Environmental experts are raising the alarm bells about everything from our drinking water to what's in the air we breathe. Of specific concern today are "endocrine disruptors."
Some compounds used in commerce are being found to be endocrine disruptors that can disrupt the hormonal control of cellular development even at ultra-low exposure levels. Carnegie Mellon's Terry Collins is one of the leading green chemists working on solutions to the problem.
Collins, the Thomas Lord Professor of Chemistry and director of the university's Institute for Green Science, says endocrine disruptors are to the chemical industry what sub-prime mortgages are to the banking industry.
"It's important not to drag our feet," he emphasized.
He recently joined fellow green chemists and environmental health science experts at the University of California, Irvine. Their mission: to discuss how the two fields can work together to ensure that new chemical compounds are both profitable and safe.
Strategic changes that are needed to advance green chemistry's development include stronger laws and regulations, more investment and better training, according to Collins.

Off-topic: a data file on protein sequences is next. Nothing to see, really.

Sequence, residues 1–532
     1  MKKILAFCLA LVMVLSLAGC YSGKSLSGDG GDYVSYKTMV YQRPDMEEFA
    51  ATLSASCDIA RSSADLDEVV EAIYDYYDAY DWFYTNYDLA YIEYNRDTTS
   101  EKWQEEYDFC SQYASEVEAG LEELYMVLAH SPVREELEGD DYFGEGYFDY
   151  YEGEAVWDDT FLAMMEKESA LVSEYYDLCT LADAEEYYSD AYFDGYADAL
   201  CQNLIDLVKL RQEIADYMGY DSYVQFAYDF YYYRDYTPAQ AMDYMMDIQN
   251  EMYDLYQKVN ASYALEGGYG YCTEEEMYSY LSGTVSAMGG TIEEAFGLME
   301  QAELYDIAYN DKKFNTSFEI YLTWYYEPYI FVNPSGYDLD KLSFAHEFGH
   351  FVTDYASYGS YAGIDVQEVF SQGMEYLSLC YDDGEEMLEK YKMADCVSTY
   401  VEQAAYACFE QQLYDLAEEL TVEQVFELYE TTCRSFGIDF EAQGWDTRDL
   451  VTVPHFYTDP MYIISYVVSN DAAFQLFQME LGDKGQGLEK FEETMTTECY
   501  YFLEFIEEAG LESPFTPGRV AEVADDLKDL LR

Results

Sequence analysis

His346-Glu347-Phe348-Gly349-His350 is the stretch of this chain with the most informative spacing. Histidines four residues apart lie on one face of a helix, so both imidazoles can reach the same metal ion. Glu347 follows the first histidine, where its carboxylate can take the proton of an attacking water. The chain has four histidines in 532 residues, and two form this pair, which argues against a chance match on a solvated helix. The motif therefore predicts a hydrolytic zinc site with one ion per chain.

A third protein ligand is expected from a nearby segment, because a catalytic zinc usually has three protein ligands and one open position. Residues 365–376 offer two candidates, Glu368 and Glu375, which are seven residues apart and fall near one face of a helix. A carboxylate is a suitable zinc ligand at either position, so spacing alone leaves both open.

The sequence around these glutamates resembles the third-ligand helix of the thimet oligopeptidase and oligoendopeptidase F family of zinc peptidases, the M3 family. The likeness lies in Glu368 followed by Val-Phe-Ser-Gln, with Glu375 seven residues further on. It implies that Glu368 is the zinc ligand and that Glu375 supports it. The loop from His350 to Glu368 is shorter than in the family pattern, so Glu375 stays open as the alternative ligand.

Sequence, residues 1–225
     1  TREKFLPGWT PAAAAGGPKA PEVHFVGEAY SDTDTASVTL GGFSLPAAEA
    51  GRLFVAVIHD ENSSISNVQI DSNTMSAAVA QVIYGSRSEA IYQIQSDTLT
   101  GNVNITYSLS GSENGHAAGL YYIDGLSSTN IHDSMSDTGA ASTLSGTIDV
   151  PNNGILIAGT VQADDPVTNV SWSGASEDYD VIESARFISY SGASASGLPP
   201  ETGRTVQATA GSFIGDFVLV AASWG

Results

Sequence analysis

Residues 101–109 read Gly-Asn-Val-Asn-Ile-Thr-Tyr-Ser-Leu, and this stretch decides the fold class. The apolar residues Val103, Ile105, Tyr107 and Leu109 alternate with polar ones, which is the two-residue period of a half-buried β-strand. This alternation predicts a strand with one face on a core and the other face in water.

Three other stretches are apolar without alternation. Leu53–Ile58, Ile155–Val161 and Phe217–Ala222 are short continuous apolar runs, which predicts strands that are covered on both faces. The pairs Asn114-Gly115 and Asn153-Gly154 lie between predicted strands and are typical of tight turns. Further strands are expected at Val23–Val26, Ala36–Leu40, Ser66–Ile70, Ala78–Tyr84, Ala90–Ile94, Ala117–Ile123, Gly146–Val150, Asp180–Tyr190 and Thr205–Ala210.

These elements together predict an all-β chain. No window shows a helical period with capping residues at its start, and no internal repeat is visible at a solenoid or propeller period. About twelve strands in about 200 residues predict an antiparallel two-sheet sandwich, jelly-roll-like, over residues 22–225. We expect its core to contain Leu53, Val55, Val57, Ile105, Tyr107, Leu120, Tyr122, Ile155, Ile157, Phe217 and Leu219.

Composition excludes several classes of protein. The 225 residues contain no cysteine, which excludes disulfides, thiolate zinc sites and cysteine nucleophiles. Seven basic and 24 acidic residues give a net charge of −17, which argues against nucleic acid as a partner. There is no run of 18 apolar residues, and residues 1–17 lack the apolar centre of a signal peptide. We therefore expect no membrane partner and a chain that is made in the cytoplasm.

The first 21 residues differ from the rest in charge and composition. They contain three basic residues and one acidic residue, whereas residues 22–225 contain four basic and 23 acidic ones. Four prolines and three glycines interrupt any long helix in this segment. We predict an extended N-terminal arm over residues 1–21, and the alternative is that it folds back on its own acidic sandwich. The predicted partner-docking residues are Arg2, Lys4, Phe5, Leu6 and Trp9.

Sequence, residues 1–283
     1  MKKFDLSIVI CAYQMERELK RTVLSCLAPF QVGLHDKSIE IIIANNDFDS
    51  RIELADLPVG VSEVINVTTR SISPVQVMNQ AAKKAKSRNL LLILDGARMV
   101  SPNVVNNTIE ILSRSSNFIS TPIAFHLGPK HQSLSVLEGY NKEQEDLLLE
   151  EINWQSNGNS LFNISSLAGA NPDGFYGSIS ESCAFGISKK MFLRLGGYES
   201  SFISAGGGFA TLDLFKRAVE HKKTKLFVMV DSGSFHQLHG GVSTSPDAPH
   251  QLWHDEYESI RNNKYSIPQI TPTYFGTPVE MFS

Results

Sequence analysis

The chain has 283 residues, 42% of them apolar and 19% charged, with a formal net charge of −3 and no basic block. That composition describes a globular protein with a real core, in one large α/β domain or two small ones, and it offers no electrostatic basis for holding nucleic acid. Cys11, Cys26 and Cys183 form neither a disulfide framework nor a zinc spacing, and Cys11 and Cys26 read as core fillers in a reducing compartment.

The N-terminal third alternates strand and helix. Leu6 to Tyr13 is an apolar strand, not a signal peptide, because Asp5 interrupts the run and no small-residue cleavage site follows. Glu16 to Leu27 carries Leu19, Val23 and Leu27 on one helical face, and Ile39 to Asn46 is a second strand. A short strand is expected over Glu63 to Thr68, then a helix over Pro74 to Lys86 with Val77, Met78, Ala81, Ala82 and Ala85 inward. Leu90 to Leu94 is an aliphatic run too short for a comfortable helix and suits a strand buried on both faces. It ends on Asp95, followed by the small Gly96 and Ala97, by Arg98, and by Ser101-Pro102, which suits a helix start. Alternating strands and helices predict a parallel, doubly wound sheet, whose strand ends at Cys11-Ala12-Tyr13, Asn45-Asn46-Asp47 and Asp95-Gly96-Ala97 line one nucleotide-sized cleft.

"Understanding how some chemicals alter cellular development to better avoid these properties in new chemicals is a vital frontier for preventing disease and improving human health," he said.
Safer substitutes appear to have already been invented for some hazardous chemicals, but Collins said they are not being manufactured because it is hard for industry to replace capital and marketing investments that are profitable. Governments need to find ways to help industry make sustainability related transitions, he said.
He recommended multiple changes in policies to help transform industrial chemicals, including the prioritization of chemicals that should be replaced.
"We have no choice but to embark on a systematic course to adapt the economy to the realities that endocrine disruptors represent," he said.
Scientists at the meeting stressed the importance of acting now to prevent harm from coming to future generations.
At Carnegie Mellon's Institute for Green Science, students and researchers have developed advanced oxidation processes that allow trace quantities of many persistent organic pollutants in water, including some endocrine disruptors, to be rapidly degraded.
The approach relies on Collins' TAML® activators, small molecule catalysts that activate hydrogen peroxide. TAML® activators are successful mimics of peroxidase enzymes, nature's catalysts for activating hydrogen peroxide to oxidize organic compounds.